Rationale: Direct or indirect stimulation of dopamine receptors increases locomotor activity in mice. Determining the role played by D1 and D2 dopamine receptors in the mediation of this activity can be difficult due to the wide variety of experimental paradigms used to investigate these phenomena.
Objectives: This study set out to compare the role of selective antagonism of dopamine D1 and D2 receptors on the hyperactivity induced by a range of stimulants.
Methods: Mice were habituated to perspex locomotor activity boxes (30 x 30 x 30 cm) and activity was measured via photobeam interrupts.
Results: Haloperidol and clozapine both reduced the hyperactivity induced by MK-801. Haloperidol did so only at a dose that also decreased spontaneous activity (0.1 mg/kg), whereas clozapine reduced MK-801-induced hyperactivity at a dose that had no effect on spontaneous activity (1.25 mg/kg). The D1 antagonist SCH23390 (0.01 mg/kg) reduced hyperlocomotion induced by amphetamine (2.5 mg/kg), cocaine (10 mg/kg) and C-APB (1.0 mg/kg) at doses that did not consistently alter spontaneous activity, whereas the selective D2 antagonist raclopride only attenuated the hyperlocomotion induced by amphetamine, cocaine and C-APB at doses in excess of the minimum dose required to attenuate spontaneous locomotor activity significantly. The latency to peak levels of hyperlocomotion induced by MK-801 (0.3 mg/kg) was delayed by SCH23390 (0.1 mg/kg) but peak levels of activity were not reduced.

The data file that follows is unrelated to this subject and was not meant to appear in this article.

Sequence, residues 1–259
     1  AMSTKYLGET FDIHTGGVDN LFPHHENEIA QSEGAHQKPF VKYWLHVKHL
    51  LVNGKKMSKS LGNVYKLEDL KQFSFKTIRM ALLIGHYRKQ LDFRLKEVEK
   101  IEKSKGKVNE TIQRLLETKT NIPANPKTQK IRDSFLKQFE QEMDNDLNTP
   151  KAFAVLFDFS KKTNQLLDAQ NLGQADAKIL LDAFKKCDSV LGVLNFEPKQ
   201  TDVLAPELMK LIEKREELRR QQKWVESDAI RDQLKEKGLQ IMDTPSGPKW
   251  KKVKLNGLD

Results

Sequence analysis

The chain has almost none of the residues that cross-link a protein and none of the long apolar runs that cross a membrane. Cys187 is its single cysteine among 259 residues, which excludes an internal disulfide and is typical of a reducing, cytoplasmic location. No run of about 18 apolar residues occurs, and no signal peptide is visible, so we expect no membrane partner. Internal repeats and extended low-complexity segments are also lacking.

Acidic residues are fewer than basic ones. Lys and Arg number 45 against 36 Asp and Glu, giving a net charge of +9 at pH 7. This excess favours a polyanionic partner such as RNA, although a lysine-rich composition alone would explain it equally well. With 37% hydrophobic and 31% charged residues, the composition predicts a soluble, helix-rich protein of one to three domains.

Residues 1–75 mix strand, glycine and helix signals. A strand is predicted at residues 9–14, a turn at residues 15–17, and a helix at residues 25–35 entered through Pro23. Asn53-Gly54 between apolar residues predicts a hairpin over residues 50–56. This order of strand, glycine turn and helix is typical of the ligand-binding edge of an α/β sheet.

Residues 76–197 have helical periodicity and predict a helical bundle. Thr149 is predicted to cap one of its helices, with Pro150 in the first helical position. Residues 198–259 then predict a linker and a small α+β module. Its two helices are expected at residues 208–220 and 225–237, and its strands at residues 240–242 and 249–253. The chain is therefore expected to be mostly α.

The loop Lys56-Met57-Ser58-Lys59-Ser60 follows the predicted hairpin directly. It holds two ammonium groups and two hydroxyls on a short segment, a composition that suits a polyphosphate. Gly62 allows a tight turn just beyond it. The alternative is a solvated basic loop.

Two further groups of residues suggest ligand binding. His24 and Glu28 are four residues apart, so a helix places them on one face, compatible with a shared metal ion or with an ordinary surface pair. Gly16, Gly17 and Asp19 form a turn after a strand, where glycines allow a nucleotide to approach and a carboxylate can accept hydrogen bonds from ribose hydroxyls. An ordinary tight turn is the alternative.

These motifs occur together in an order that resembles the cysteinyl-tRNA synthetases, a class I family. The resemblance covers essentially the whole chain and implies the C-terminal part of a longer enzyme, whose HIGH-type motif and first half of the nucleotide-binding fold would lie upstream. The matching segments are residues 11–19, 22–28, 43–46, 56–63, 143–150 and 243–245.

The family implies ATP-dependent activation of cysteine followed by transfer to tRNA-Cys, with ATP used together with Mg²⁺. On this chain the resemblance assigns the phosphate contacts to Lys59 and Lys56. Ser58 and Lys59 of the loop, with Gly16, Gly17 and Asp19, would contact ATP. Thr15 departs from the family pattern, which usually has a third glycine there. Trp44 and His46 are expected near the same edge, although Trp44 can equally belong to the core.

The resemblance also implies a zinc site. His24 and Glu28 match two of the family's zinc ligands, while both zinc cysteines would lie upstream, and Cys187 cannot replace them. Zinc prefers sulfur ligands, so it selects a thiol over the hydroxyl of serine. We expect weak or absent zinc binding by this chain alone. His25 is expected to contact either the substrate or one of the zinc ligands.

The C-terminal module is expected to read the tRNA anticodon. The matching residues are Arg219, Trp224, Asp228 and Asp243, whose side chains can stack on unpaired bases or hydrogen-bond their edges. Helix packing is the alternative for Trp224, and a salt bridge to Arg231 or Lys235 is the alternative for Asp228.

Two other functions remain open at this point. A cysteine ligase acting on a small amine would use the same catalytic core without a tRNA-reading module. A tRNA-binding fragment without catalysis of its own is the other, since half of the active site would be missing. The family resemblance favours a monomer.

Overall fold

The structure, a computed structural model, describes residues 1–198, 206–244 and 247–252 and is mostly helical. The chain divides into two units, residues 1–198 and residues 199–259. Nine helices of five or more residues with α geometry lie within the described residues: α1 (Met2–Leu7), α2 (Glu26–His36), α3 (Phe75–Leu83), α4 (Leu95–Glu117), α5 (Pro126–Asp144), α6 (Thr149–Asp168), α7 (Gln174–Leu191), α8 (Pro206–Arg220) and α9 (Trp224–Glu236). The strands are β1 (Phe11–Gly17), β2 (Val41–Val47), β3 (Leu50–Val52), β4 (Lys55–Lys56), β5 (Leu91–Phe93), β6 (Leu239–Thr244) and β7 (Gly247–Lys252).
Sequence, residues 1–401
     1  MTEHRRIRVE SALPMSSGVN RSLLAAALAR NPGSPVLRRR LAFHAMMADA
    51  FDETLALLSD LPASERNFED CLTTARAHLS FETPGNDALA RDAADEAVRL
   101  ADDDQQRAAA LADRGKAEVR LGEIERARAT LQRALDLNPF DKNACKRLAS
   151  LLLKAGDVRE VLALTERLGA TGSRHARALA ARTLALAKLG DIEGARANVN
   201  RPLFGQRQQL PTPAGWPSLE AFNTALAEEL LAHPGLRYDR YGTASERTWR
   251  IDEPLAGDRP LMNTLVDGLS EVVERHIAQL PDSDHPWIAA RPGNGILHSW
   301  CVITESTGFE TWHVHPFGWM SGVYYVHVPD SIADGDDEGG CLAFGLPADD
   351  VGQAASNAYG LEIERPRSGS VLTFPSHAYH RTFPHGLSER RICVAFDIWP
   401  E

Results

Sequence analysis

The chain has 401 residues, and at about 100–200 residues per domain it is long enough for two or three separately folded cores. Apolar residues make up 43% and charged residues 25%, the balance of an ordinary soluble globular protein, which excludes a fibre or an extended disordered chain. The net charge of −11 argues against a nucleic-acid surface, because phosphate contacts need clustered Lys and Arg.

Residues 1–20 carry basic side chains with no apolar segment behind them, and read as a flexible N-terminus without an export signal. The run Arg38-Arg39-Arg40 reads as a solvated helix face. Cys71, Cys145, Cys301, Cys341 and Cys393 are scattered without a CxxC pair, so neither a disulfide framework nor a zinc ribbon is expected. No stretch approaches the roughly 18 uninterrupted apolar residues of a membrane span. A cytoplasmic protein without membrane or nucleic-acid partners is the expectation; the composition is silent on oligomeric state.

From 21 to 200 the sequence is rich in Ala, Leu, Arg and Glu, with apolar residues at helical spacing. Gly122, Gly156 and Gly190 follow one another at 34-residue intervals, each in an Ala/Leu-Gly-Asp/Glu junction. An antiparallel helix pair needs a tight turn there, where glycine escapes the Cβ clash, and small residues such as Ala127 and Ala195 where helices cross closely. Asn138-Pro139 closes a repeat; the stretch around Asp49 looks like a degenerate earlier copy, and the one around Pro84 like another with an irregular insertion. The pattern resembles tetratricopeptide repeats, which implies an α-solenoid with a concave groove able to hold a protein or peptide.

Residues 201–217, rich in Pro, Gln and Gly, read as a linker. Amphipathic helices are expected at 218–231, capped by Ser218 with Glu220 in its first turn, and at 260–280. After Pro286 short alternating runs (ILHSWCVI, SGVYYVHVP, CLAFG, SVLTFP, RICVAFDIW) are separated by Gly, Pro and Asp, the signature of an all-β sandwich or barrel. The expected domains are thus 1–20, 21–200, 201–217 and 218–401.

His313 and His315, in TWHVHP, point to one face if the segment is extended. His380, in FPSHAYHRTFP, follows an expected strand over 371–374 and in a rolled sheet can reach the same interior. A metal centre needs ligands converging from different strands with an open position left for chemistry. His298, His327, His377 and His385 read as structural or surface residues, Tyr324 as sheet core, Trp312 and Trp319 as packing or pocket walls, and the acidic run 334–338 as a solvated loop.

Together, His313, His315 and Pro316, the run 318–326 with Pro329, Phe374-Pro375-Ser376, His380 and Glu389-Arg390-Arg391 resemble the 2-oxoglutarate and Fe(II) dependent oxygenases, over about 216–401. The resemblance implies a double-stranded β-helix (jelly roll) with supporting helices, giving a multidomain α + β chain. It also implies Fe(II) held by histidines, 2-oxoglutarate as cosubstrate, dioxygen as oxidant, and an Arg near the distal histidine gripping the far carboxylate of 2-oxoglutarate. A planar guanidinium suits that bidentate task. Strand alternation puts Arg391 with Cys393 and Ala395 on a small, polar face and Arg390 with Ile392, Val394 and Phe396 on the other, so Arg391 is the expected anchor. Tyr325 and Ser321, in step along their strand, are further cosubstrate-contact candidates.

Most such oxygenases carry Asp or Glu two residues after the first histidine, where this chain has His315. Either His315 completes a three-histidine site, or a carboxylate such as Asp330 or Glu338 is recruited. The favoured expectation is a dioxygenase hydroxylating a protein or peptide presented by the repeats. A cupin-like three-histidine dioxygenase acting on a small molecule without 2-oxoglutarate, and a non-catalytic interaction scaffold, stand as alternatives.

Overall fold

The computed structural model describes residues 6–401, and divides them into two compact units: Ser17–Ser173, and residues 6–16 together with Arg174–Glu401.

Conclusions: The results of the present study suggest that selective blockade of D1 receptors suppresses amphetamine and cocaine-induced hyperactivity in mice but not MK-801-induced locomotor activity.